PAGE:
Rajasekhara

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Not to be confused with Rajashekhara Varman.

Rajashekhara (Sanskrit: राजशेखर, Rājaśekhara) was an eminent Sanskrit poet, dramatist and critic. He was court poet of the Gurjara Pratiharas.[1] He wrote Kavyamimamsa between 880 and 920 CE. The work is essentially a practical guide for poets that explains the elements and composition of a good poem.[2] The fame of Rajashekhara rests firmly on his play Karpuramanjari, written in Sauraseni Prakrit. Rajashekhara wrote the play to please his wife, Avantisundari, a woman of taste and accomplishment. He is perhaps the only ancient Indian poet to acknowledge a woman for her contributions to his literary career.[3]

Life[edit]

In his Bālarāmāyaṇa and Kāvyamimāṃsa, Rajashekhara referred himself by his family name Yāyāvara or Yāyāvarīya. In Bālarāmāyaṇa, he mentioned that his great grandfather Akalajalada belonged to Maharashtra. In the same work, he described his father Durduka as a Mahamantrin (minister) without providing any details. He mentioned in his works that his wife Avantisundari belonged to the Cahamana (Chauhan) family. In his works, he described himself as the teacher of the Gurjara-Pratihara king Mahendrapala I.[4]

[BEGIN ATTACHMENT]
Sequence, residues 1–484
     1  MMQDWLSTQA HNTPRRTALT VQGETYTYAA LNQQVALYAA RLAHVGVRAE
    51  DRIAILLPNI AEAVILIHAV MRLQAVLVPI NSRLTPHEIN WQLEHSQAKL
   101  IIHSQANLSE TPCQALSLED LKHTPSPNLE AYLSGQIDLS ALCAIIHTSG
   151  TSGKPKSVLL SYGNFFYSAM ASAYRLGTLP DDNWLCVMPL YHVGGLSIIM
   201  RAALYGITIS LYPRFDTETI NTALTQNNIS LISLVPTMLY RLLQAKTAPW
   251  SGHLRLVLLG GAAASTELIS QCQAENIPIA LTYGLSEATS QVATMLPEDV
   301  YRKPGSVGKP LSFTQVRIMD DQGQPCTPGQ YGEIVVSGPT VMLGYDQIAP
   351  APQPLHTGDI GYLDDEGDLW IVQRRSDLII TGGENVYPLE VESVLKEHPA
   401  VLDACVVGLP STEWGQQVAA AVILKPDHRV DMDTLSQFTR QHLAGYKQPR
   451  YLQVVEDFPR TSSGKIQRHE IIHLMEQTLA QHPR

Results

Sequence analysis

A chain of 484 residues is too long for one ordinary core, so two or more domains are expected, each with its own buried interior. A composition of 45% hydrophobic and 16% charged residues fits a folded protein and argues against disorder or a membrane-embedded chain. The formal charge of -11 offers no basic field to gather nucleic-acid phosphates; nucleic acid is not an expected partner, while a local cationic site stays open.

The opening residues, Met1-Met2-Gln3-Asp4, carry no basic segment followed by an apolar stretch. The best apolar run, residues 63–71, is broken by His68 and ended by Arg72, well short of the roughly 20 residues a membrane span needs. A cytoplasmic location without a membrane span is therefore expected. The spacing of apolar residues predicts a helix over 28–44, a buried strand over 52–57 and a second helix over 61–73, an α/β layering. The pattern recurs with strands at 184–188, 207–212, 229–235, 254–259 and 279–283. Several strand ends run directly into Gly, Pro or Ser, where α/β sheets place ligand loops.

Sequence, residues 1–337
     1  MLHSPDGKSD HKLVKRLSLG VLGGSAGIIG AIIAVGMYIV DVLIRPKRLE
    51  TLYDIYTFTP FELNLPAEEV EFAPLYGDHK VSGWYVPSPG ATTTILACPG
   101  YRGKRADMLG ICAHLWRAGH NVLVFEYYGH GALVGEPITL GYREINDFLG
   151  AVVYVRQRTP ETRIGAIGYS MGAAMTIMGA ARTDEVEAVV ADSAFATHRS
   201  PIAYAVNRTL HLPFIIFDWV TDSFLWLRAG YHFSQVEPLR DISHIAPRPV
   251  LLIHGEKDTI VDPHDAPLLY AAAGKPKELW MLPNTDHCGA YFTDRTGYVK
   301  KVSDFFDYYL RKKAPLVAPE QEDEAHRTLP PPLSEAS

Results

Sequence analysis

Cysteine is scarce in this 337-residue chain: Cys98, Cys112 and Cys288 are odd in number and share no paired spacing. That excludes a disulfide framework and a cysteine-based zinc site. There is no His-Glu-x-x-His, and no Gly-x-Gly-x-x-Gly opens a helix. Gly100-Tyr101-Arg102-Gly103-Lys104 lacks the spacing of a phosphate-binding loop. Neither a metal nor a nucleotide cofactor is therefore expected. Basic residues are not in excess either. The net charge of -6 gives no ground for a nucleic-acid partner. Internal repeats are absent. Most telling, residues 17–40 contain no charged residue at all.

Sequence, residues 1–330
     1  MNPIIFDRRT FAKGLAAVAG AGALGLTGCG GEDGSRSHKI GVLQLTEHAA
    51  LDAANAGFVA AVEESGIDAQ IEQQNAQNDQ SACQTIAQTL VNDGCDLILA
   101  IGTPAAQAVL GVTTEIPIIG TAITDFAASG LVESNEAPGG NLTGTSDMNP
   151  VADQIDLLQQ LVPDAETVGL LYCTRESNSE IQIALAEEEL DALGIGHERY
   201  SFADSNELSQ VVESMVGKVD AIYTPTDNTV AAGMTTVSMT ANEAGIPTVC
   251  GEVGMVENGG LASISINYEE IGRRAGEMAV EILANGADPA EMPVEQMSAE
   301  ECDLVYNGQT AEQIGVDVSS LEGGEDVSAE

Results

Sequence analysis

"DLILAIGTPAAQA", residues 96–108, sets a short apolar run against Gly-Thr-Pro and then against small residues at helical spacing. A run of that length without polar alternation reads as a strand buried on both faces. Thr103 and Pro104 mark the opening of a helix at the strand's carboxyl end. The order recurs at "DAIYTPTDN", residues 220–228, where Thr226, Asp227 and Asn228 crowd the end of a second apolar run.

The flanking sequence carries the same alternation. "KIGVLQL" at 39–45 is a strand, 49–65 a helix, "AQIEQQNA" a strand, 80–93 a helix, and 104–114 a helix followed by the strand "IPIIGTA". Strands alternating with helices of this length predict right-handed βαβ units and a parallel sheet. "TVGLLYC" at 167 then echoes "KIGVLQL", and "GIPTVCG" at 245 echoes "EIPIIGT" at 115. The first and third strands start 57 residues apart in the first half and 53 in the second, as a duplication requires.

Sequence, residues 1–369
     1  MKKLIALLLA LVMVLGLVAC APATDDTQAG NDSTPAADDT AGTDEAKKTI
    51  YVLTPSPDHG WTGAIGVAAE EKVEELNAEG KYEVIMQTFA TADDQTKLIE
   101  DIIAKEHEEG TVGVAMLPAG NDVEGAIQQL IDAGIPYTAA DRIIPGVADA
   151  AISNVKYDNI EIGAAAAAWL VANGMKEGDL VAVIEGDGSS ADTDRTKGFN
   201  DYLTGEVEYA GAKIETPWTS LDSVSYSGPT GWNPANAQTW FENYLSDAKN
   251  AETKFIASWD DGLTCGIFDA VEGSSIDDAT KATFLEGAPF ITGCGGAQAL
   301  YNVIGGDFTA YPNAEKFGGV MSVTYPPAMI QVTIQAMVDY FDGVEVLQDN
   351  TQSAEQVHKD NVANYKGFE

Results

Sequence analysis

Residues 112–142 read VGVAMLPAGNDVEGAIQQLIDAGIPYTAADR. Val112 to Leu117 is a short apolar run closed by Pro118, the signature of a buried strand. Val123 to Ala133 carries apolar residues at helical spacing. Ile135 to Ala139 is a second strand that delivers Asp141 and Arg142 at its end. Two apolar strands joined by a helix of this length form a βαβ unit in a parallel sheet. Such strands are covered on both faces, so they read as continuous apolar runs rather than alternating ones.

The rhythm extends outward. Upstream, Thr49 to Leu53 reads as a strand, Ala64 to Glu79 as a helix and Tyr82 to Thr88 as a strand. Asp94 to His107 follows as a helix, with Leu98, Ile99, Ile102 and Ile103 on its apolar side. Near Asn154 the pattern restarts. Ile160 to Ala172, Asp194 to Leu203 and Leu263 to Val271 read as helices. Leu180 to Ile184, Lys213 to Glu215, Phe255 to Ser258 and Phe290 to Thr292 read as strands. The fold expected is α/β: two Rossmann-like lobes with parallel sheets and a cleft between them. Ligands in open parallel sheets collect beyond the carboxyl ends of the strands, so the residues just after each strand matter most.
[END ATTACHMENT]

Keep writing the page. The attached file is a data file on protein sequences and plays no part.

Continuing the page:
Works[edit]

The works attributed to poet Rajshekhara include:

  • Viddhaśālabhañjikā
  • Bālabhārata[5]
  • Karpūramañjarī
  • Bālarāmāyaṇa
  • Kāvyamīmāṃsā

See also[edit]

References[edit]

  1. ^ Satish Chandra (1978). Medieval India: a textbook for classes XI-XII, Part 1. National Council of Educational Research and Training (India). p. 10. 
  2. ^ "Kavyamimamsa of Rajasekhara". Retrieved 2007-01-21. 
  3. ^ Sisir Kumar Das, Sahitya Akademi (2006). A history of Indian literature, 500-1399: from courtly to the popular. Sahitya Akademi. p. 60. ISBN 9788126021710. 
  4. ^ Warder, A. K. (1988). Indian Kāvya Literature. Vol. V. Delhi: Motilal Banarsidass. pp. 413–€“4. ISBN 81-208-0450-3. 
  5. ^ Rama Shankar Tripathi (1989). History of Kanauj: To the Moslem Conquest. Motilal Banarsidass Publ. p. 224. ISBN 978-81-208-0404-3. ISBN 812080404X, ISBN 978-81-208-0404-3.